My two years at ABC were my most transformative years yet. Aparna encouraged and guided me to develop skills I didn’t know existed, to think out of the box and most importantly, to manage my time. It was a difficult decision to leave and pursue my MBA, but I knew that doors weren’t closing. I am one of the few in my class who constantly says “I miss my previous job!” while everyone looks at me strangely. My ABC team were more than just colleagues, they were mentors and they were friends and continue to be. Thank you ABC, for my biggest learning experience to date and the one that has shaped my career goals!
Camille would be happy to answer any questions you might have, you can find her on LinkedIn.
When we started our journey in 2015 we thought about the values and principles we considered important. These were molded by our own experiences working in social development, into an approach we adopt towards every project.
Focusing on Impact
Contributing to impact is the very reason ABC was formed – we only take on projects where we can create, support, or magnify the impact of the initiatives we work with. While our work varies greatly, some examples include working collaboratively with NGO leadership to build strategic objectives, assessing existent programs to provide the information necessary for informed decision-making, creating content to better engage program beneficiaries, and training master trainers to strengthen the impact of program delivery.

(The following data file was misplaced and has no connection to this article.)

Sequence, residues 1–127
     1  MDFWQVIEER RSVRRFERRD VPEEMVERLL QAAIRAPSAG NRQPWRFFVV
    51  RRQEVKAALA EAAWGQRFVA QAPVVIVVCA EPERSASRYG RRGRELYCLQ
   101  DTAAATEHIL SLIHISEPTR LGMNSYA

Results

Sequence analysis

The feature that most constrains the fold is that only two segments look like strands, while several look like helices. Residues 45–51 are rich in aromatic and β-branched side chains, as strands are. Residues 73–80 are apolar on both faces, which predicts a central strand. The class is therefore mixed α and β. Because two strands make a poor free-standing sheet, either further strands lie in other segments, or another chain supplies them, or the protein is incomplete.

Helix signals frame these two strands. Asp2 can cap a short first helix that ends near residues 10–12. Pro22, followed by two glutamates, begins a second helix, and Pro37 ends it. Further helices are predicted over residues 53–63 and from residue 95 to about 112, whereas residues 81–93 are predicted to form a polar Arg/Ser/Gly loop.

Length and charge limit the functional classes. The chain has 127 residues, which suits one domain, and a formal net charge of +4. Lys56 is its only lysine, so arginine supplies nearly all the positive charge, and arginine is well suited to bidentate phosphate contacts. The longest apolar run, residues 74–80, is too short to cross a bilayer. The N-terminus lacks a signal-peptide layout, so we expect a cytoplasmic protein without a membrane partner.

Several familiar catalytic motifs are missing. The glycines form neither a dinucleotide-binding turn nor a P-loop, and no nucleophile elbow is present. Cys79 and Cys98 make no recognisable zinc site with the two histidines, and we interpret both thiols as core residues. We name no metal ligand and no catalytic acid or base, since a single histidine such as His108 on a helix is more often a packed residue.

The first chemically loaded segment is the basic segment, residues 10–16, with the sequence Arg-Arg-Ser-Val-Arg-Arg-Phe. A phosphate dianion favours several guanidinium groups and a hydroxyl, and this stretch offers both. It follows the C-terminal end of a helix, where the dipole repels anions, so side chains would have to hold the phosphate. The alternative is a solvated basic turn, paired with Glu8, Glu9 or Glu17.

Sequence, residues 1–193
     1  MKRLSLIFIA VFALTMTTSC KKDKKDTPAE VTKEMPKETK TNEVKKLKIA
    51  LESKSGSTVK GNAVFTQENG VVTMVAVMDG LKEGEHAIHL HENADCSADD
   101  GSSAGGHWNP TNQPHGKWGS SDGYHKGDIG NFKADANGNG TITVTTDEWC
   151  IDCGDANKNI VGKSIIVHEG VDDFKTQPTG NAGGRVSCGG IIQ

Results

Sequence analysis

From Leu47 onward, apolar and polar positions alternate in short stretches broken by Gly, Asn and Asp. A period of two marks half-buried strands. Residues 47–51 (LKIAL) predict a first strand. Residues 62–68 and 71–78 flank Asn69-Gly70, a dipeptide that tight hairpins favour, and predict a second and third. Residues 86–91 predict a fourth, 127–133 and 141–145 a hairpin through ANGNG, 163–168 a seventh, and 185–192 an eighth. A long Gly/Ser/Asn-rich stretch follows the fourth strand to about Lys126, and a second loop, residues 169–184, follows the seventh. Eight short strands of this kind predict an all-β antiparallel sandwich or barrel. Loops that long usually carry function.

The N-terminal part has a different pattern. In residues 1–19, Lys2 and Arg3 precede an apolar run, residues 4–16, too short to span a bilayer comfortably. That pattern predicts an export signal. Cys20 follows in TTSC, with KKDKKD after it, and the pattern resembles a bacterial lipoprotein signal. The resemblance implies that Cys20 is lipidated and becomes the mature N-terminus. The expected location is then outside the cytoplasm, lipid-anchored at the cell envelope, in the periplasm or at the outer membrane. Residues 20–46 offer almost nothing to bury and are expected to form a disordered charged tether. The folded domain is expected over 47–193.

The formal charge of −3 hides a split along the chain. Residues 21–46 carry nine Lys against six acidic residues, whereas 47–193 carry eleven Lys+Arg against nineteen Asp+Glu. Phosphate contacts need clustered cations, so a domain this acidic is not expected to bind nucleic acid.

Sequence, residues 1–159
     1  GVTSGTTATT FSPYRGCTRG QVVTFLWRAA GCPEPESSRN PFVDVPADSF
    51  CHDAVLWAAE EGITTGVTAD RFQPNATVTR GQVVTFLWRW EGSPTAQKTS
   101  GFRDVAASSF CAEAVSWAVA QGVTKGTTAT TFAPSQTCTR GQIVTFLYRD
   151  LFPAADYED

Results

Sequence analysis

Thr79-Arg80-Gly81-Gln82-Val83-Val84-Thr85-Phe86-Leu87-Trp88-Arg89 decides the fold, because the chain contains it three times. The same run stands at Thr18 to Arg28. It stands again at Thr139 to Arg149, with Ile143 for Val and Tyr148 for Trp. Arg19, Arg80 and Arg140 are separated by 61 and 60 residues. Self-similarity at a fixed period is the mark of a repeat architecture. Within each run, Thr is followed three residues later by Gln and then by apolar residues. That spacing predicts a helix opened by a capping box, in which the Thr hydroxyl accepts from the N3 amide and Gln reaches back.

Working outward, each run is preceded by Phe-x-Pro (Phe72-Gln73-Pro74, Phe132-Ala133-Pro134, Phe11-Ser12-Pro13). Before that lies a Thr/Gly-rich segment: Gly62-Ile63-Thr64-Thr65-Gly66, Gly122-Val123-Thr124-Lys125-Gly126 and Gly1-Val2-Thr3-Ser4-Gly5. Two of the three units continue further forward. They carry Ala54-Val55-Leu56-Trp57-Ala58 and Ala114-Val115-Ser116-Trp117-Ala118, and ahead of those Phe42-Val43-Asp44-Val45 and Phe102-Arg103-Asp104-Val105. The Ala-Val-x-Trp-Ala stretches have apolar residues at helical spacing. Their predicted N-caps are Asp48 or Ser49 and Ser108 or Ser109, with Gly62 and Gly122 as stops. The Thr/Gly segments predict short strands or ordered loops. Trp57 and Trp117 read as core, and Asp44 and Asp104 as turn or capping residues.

We often encourage our partners to use data to establish their impact – while recognising that impact can’t always be boiled down to a single number, and more importantly it need not be. We place an emphasis on qualitative tools to support the numbers wherever possible. This could be in the form of case studies to document the story of a specific individual, images and video that capture experiences, and more in depth qualitative studies to report on a variety of beneficiary impact.
Designing Ground Up
Having our roots in the non-profit sector, a ground-up approach to program design is non-negotiable. We strive to avoid making assumptions when understanding a problem or ideating solutions and firmly believe the best source of information and inspiration are the stakeholders we are working for. For example when we recently designed a program for junior college students, we took the time to identify and understand the target demographic; we conducted interviews and focus group discussions with former and active students, visited the colleges where target youth usually apply, and spent time in the environments (both inside and outside the college) they experience. This gave us unique insight into their needs and realities which were not self-evident at the onset of the project.